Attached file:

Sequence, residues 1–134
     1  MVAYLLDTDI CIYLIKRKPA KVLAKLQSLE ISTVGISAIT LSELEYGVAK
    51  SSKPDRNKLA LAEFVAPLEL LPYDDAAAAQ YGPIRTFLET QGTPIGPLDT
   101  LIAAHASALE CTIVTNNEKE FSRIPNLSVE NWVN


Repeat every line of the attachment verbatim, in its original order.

Sequence, residues 1–134
     1  MVAYLLDTDI CIYLIKRKPA KVLAKLQSLE ISTVGISAIT LSELEYGVAK
    51  SSKPDRNKLA LAEFVAPLEL LPYDDAAAAQ YGPIRTFLET QGTPIGPLDT
   101  LIAAHASALE CTIVTNNEKE FSRIPNLSVE NWVN